The Trump Administration, through the U.S. Department of Health and Human Services (HHS), is announcing it has now distributed almost $2.5 billion of a planned $5 billion distribution to nursing homes to support increased testing, staffing, and personal protective equipment (PPE) needs. This funding allocation was made through the Health Resources and Services Administration (HRSA) as a targeted distribution from the $175 billion Provider Relief program funded through the bipartisan CARES Act and the Paycheck Protection Program and Health Care Enhancement Act.

    This distribution of almost $2.5 billion in additional funding to over 15,000 nursing homes nationwide supplements the $4.9 billion that was previously distributed to skilled nursing facilities. HHS plans on distributing another $2 billion to nursing homes later this fall based on certain performance indicators that will be shared in the future.

    A state-by-state breakdown on the $2.5 billion that was distributed can be found here - PDF.

    Training and Mentoring for Nursing Homes

    To further support nursing homes, the Agency for Healthcare Research and Quality (AHRQ) will be partnering with America’s nursing homes to create the National Nursing Home COVID Action Network. Through the Network, AHRQ will offer training, and mentorship to the approximately 15,400 nursing homes across the country to supplement efforts aimed at protecting residents and staff. 

    The goals of the training and mentorship are to help nursing home professionals prevent COVID-19 from entering nursing homes via staff, visitors, and patients and prevent greater spread among patients, staff, and visitors if the virus is already present. This program will also guide nursing homes through best-practice care and treatment for patients who test positive for COVID-19; and protect staff from infection through evidence-based safety measures that will build their confidence in their ability to work and feel safe in the nursing homes.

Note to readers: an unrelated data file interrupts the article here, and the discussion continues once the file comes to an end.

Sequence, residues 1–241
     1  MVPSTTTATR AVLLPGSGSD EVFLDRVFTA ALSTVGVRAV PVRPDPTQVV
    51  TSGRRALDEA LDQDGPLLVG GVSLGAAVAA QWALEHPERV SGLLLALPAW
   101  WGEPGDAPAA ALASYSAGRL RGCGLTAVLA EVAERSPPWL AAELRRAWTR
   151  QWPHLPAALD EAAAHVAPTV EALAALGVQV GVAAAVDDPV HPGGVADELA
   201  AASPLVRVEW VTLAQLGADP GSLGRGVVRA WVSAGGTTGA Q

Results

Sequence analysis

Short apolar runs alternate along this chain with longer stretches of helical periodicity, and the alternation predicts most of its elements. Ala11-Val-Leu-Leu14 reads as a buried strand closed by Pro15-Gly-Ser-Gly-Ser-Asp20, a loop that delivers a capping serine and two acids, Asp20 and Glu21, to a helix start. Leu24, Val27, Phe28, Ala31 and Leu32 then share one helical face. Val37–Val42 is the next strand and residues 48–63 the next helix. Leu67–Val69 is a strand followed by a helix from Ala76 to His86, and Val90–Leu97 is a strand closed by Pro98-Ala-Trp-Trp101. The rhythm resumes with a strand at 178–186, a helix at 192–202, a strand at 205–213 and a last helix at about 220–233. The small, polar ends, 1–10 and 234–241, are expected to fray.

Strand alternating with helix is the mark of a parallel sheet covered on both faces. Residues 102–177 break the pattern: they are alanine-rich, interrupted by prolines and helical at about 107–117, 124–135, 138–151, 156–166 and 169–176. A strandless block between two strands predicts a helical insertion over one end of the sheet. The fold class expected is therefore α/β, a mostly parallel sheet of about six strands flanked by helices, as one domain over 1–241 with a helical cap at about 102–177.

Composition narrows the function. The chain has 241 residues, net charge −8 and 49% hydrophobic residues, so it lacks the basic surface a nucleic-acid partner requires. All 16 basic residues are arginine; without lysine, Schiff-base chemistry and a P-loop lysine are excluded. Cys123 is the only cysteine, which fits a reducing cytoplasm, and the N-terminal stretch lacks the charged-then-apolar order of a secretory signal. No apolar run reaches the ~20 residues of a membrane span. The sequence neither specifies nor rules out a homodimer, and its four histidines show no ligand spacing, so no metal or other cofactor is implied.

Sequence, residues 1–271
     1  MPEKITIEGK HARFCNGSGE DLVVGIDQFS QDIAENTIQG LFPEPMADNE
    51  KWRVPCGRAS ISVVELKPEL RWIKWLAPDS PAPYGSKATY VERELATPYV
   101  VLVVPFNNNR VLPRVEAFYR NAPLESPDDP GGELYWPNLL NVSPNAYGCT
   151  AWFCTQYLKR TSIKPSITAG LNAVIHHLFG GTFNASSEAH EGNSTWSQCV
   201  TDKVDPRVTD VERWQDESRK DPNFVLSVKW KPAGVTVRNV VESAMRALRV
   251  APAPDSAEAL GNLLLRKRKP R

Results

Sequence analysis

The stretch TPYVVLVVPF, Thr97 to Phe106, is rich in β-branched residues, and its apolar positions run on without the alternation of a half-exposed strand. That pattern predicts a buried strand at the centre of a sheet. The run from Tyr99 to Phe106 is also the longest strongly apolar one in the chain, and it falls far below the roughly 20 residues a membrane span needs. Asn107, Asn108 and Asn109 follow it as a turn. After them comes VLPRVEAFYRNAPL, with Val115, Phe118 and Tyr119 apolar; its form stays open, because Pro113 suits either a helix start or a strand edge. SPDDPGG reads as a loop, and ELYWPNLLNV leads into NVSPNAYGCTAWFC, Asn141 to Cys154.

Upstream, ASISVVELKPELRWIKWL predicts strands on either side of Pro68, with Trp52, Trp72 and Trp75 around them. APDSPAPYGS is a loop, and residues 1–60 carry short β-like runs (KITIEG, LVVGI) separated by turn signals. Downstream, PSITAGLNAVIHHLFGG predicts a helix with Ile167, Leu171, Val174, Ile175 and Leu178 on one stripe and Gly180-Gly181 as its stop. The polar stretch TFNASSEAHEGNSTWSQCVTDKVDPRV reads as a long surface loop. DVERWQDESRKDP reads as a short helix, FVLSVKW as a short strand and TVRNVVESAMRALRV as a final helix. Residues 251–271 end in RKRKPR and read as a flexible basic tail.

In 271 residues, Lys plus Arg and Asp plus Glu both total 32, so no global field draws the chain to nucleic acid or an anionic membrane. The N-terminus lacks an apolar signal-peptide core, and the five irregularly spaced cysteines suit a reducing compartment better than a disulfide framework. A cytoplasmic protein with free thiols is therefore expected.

“AHRQ is proud to support HHS in this critical initiative,” said AHRQ Director Gopal Khanna. “AHRQ has a proven track-record in helping move evidence into practice to address critical needs like responding to COVID-19 and to achieve 21st century care for all Americans.”

    This program will provide interactive small-group, problem-based training and customized mentorship through an existing network of academic medical centers, health centers, and community organizations.  The training and mentorship program is designed to evolve as the needs of nursing homes continue to emerge though the fall.  AHRQ has already established a pilot test of small-group training and mentoring through a partnership with the University of New Mexico’s ECHO Institute.